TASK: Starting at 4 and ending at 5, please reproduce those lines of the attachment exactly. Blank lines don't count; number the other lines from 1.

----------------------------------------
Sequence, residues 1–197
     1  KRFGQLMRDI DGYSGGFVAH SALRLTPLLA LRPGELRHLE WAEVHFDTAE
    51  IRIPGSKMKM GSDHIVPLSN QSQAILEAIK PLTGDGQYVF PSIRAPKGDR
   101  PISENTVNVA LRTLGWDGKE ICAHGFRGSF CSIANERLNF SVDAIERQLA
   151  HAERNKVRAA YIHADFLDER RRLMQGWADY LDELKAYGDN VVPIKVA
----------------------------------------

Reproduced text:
   101  PISENTVNVA LRTLGWDGKE ICAHGFRGSF CSIANERLNF SVDAIERQLA
   151  HAERNKVRAA YIHADFLDER RRLMQGWADY LDELKAYGDN VVPIKVA